Posts Tagged Introduction

Mendeley, and GapMinder

Probably the most interesting and useful things (to me) explored on Day 1 of the workshop were Gapminder and Mendeley.

Mendeley is something I really need to help organize my research. I was saving papers in random folders on my drive with a system that made sense at one time, at least until it very messy. Mendeley allows tagging and exploring similar papers and generally much better organization. We also explored GapMinder. This appears to be a very fun and useful tool for data visualization. I appreciate how it allows one to interact with the data and explore relationships.

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Thomas Lane (Bioquest day 1)

The bulk of the first day regarded becoming aquatinted with tools thought to be commonly (or should) be used by scientists.  Such as: a way to organize resources (Mendeley), a way to quickly share indexed information (Diigo, although more like a glorified bookmarking system) and the basics of readers (such as Google Reader).  The most useful tool out of this set was Mendeley, the other two are really more of a personal preference of how one organizes information, perhaps unnecessarily adding layers of complexity.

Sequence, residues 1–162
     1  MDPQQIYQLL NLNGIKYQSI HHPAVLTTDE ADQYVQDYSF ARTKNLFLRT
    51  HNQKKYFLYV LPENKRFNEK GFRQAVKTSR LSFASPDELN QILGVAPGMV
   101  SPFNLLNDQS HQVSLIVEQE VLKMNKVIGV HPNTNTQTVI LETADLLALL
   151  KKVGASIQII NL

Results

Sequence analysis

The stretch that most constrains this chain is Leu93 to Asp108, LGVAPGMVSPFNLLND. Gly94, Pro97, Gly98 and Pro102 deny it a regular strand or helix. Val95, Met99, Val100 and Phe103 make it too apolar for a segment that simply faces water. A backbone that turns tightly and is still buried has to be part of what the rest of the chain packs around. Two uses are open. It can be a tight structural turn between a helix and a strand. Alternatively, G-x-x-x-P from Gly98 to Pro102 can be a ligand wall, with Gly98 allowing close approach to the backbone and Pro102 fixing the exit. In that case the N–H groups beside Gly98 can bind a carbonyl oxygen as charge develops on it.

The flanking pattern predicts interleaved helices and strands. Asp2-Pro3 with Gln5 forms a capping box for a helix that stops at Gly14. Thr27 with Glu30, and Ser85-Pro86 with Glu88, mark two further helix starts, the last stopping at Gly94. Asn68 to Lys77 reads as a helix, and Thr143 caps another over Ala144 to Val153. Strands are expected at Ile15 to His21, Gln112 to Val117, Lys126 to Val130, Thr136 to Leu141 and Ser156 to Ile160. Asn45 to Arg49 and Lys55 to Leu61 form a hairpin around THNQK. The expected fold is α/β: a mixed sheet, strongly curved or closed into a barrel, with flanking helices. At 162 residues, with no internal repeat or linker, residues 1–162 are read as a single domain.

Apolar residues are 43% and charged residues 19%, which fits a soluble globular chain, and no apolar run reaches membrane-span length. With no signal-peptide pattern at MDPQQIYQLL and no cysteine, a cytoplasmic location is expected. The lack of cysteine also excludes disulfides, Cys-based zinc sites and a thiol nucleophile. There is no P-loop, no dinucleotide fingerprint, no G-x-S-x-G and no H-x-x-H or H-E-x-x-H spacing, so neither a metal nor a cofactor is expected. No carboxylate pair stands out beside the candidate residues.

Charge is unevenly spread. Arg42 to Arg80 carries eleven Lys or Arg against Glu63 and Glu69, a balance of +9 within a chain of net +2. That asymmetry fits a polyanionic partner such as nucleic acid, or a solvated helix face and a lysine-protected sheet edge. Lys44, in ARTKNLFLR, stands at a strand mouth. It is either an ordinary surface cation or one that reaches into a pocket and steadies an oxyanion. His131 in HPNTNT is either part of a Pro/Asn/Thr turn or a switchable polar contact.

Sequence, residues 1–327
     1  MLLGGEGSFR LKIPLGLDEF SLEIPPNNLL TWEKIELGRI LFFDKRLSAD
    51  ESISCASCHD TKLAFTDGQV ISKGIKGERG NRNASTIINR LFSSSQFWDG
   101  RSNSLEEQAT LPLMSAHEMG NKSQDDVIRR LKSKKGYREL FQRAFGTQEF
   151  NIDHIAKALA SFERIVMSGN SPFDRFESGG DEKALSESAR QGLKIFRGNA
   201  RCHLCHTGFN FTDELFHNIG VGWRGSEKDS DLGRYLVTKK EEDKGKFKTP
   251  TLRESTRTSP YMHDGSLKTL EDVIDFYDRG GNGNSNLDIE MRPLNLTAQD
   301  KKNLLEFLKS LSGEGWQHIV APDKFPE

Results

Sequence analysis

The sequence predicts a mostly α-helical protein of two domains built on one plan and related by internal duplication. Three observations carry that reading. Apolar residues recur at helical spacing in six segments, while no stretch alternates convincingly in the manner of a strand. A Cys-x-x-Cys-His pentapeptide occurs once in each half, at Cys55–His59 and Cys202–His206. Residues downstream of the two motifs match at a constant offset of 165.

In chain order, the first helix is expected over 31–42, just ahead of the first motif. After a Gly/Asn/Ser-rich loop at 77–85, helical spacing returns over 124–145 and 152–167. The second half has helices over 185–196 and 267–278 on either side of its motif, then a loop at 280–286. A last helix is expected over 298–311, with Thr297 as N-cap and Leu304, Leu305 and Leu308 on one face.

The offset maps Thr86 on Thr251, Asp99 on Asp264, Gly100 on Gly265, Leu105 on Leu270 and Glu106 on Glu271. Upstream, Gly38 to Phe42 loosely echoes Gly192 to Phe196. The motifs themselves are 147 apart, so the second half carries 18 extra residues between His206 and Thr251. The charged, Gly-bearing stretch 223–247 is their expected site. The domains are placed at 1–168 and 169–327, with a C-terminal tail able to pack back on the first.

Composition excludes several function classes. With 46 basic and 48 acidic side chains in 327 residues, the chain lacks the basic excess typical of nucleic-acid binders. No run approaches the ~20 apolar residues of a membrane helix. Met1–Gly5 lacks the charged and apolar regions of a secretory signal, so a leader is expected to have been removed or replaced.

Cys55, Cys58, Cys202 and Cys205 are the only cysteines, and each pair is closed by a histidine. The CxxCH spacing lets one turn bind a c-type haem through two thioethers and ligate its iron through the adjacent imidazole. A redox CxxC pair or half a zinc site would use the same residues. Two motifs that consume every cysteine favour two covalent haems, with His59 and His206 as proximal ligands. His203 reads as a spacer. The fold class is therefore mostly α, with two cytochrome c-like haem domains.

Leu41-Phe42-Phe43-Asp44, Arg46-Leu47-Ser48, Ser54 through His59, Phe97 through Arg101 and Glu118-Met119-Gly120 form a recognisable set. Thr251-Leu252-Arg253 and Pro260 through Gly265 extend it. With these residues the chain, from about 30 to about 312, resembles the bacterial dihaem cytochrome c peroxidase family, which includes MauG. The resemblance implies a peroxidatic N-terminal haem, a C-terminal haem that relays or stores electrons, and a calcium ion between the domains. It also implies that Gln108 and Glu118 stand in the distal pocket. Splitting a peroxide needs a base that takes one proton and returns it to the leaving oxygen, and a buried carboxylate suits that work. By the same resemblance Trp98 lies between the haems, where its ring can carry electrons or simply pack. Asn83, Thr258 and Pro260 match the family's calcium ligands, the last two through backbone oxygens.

The second portion of the Bioquest presentation regarding mathematical modeling was by far more applicable.  Gapminder is a useful tool that is very easy to jump into and start using (the applications are apparent).  The actual step by step process of modeling cancer in a specific case was insightful.  For experimentalists this offers a sort of step toward how computationalists approach questions/hypotheses, which seems like the major aim of this workshop.